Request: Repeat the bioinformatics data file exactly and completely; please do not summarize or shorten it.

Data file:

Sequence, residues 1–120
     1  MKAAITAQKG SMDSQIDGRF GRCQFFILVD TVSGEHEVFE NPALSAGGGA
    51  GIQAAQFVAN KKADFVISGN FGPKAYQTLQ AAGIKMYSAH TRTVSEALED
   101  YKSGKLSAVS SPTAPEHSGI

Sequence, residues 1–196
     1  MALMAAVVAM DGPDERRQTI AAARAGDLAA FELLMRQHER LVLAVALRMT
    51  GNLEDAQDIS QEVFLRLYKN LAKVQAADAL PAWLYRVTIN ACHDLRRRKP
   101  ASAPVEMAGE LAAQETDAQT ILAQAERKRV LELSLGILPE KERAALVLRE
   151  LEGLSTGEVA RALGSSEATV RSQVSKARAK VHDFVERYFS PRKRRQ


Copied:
Sequence, residues 1–120
     1  MKAAITAQKG SMDSQIDGRF GRCQFFILVD TVSGEHEVFE NPALSAGGGA
    51  GIQAAQFVAN KKADFVISGN FGPKAYQTLQ AAGIKMYSAH TRTVSEALED
   101  YKSGKLSAVS SPTAPEHSGI

Sequence, residues 1–196
     1  MALMAAVVAM DGPDERRQTI AAARAGDLAA FELLMRQHER LVLAVALRMT
    51  GNLEDAQDIS QEVFLRLYKN LAKVQAADAL PAWLYRVTIN ACHDLRRRKP
   101  ASAPVEMAGE LAAQETDAQT ILAQAERKRV LELSLGILPE KERAALVLRE
   151  LEGLSTGEVA RALGSSEATV RSQVSKARAK VHDFVERYFS PRKRRQ